To stretch your mind is noble and sacred. If you are blessed with that capacity or the ability to learn difficult subject matter then do it. Your skills will bless your own life and the life of others. Imagine if the doctor that saved your life took the easy way out and became a beach bum. What if Edison decided not to pursue creating the first incandescent light bulb because he had a safe job in book keeping. You can do things no one else can. A master’s degree could be a catalyst to unlock some of that growth.


Sometimes your back is up against the wall and you have few options. You might be struggling to find a job in your undergrad’s major while working a dead end job. Maybe you’ve landed a job, but are stuck in a company or industry where the outlook is bleak. Another driver might be having a job that won’t support your financial responsibilities like family obligations or sickness. Sometimes you feel the need to prove to yourself that you can do something difficult and that you are capable and worthy of more.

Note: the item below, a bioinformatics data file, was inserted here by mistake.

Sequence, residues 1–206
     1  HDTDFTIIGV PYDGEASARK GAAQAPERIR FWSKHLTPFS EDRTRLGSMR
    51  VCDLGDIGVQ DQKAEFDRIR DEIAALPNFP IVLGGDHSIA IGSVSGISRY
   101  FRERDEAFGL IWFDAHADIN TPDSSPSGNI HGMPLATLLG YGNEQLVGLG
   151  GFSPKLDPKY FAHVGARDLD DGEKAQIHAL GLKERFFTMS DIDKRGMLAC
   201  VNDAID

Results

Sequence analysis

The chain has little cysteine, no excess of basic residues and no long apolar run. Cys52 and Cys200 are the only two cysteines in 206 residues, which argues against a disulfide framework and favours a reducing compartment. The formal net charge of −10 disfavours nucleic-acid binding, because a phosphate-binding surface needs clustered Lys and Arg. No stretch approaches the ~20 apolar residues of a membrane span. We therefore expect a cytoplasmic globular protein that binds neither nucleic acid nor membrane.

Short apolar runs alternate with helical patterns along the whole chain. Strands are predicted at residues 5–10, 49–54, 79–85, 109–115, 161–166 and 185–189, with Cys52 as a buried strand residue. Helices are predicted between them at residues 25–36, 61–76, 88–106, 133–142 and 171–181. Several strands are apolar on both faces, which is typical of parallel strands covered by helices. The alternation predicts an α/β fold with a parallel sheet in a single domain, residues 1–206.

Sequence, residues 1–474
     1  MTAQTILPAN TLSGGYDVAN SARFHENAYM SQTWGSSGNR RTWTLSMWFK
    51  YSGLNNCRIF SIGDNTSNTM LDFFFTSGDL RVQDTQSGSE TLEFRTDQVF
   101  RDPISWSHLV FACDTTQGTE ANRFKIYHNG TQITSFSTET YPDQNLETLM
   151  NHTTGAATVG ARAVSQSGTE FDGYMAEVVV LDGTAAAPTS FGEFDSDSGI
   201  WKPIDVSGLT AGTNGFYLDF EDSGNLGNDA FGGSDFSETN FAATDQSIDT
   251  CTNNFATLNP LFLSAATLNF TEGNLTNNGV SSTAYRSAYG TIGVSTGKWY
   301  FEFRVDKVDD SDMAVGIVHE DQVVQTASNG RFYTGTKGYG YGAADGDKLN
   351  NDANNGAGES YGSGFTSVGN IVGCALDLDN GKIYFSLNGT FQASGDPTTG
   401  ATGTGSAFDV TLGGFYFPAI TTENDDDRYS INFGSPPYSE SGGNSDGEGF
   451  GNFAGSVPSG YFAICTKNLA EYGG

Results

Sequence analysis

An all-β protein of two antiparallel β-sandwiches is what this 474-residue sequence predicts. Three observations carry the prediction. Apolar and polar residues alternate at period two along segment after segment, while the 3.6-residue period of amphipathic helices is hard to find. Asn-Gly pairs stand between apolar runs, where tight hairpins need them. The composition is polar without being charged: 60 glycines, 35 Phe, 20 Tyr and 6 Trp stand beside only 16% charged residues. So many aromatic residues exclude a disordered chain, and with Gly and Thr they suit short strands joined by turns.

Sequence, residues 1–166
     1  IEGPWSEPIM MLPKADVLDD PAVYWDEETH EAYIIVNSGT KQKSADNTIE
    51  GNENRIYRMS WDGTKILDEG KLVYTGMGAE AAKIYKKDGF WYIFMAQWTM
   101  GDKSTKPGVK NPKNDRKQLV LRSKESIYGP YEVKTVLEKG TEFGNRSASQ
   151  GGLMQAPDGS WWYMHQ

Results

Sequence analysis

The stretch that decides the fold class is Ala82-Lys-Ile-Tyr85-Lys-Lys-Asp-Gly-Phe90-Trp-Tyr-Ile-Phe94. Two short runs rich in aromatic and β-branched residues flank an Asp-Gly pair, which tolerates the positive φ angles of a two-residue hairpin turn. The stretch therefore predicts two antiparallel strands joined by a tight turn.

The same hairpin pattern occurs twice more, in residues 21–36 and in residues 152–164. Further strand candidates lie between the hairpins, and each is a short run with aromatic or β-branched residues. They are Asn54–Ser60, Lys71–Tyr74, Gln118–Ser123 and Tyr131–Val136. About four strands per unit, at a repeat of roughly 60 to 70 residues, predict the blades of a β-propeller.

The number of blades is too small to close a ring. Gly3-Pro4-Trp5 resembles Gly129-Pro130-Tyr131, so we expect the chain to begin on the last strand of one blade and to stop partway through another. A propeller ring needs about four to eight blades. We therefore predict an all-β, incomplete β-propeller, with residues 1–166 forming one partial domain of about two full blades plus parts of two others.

On the other hand, is it really a need? Are there other options such as a boot camp, certification, apprenticeship, or more patience that will get you the same result? Make sure to consider alternatives as you are reviewing your own situation.


One thing I’m working on is having an abundance mindset. It’s the idea that life is not a zero sum game. We can all have more and someone else having success doesn’t mean there’s less success for you. Maybe you want to tap into the abundance mindset and make more money. A well planned master’s degree can aid you in that goal. A wise man once said “the …world will in large measure pay you what it thinks you are worth, and your worth will increase as you gain education and proficiency in your chosen field”. There is a definite need for highly educated and skilled workers. You can get a slice of that pie by increasing your education and skills and the market will reward you.